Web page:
IPV6 VACL [ipv6-vacl] size =    0 
                             MAC VACL [mac-vacl] size =    0 
                            IPV4 VLAN QoS [vqos] size =    0 
                       IPV6 VLAN QoS [ipv6-vqos] size =    0 
                         MAC VLAN QoS [mac-vqos] size =    0 
                                IPV4 RACL [racl] size = 1536 
                           IPV6 RACL [ipv6-racl] size =    0 
                   IPV4 Port QoS Lite [qos-lite] size =    0 
           FEX IPV4 Port QoS Lite [fex-qos-lite] size =    0 
                  IPV4 VLAN QoS Lite [vqos-lite] size =    0 
                   IPV4 L3 QoS Lite [l3qos-lite] size =    0 
                         Egress IPV4 QoS [e-qos] size =    0 
                    Egress IPV6 QoS [e-ipv6-qos] size =    0 
                      Egress MAC QoS [e-mac-qos] size =    0 
                         Egress IPV4 VACL [vacl] size =    0 
                    Egress IPV6 VACL [ipv6-vacl] size =    0 
                      Egress MAC VACL [mac-vacl] size =    0 
                       Egress IPV4 RACL [e-racl] size =  768 
                  Egress IPV6 RACL [e-ipv6-racl] size =    0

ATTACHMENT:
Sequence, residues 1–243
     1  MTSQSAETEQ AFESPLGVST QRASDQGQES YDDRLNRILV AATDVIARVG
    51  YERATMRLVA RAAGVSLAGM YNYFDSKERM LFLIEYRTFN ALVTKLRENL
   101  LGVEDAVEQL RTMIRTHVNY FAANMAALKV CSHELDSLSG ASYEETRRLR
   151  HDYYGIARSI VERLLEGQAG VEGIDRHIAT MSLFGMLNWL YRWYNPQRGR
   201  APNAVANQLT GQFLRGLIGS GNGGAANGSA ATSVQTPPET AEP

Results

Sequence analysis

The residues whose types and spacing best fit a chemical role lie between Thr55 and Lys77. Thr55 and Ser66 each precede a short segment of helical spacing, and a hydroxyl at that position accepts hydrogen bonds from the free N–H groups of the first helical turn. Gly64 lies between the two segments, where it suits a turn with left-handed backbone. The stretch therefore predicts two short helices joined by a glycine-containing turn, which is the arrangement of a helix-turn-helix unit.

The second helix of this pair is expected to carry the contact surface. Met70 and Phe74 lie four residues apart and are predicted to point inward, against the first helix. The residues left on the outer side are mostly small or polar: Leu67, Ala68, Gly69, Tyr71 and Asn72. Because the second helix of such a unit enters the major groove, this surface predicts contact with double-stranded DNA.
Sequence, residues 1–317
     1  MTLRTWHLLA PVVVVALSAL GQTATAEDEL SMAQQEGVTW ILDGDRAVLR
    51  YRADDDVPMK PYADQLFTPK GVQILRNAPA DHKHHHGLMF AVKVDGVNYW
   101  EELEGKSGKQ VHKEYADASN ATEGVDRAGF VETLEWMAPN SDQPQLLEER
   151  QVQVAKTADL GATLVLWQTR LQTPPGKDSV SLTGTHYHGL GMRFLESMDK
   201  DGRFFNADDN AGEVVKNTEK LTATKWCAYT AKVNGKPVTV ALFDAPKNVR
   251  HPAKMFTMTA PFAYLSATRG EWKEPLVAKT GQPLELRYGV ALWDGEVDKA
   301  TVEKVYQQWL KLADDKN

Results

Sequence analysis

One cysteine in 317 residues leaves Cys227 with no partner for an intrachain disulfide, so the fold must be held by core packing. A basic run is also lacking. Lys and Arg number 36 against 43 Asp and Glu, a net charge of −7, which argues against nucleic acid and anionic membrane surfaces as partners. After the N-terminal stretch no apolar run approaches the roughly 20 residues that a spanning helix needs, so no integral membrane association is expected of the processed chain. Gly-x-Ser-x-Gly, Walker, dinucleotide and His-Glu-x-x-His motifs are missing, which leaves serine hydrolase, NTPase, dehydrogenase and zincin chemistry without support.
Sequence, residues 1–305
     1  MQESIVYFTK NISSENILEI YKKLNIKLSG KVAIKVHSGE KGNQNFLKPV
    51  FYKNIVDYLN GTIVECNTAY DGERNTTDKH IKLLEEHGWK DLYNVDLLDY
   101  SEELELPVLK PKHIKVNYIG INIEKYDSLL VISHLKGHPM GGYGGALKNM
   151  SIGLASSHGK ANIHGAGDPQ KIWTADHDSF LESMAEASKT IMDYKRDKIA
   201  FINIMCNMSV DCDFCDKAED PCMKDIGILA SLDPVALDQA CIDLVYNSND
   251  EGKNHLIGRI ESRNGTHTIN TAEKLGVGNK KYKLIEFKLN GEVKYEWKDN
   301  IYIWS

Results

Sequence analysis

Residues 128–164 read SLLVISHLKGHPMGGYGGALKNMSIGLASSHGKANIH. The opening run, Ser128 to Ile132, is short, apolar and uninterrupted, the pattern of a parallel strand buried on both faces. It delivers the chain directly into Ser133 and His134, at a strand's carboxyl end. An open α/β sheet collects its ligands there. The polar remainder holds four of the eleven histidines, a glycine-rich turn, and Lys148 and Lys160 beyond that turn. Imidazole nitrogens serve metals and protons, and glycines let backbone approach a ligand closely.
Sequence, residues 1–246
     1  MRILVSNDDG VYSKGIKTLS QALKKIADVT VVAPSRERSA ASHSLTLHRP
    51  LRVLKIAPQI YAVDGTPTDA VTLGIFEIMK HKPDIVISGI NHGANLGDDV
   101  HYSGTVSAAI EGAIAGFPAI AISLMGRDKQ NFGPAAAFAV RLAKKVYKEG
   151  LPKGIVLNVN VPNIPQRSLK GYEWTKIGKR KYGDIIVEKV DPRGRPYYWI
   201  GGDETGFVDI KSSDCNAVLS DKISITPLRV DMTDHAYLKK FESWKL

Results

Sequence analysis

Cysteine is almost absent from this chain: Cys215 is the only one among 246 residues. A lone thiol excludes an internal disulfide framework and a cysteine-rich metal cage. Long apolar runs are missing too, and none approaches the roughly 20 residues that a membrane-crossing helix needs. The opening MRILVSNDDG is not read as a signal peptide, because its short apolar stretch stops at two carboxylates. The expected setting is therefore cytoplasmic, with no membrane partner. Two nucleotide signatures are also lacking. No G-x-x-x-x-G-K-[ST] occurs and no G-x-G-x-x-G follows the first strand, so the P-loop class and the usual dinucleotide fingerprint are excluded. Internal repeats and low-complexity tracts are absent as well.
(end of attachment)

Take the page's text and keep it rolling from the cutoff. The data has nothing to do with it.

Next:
Egress IPV4 QoS Lite [e-qos-lite] size =    0 
                             IPV4 L3 QoS [l3qos] size =  256 
                        IPV6 L3 QoS [ipv6-l3qos] size =    0 
                          MAC L3 QoS [mac-l3qos] size =    0 
                                  Ingress System size =  256 
                                   Egress System size =  256 
                                     SPAN [span] size =  256 
                             Ingress COPP [copp] size =  256 
                    Ingress Flow Counters [flow] size =    0 
                   Egress Flow Counters [e-flow] size =    0 
                      Ingress SVI Counters [svi] size =    0 
                             Redirect [redirect] size =  256 
 VPC Convergence/ES-Multi Home [vpc-convergence] size =  512 
                  IPSG SMAC-IP bind table [ipsg] size =    0 
               Ingress ARP-Ether ACL [arp-ether] size =    0 
             ranger+ IPV4 QoS Lite [rp-qos-lite] size =    0 
                       ranger+ IPV4 QoS [rp-qos] size =  256 
                  ranger+ IPV6 QoS [rp-ipv6-qos] size =  256 
                    ranger+ MAC QoS [rp-mac-qos] size =  256 
                                    NAT ACL[nat] size =    0 
                                        Mpls ACL size =    0 
                                        MOD RSVD size =    0 
                               sFlow ACL [sflow] size =    0 
                   mcast bidir ACL [mcast_bidir] size =    0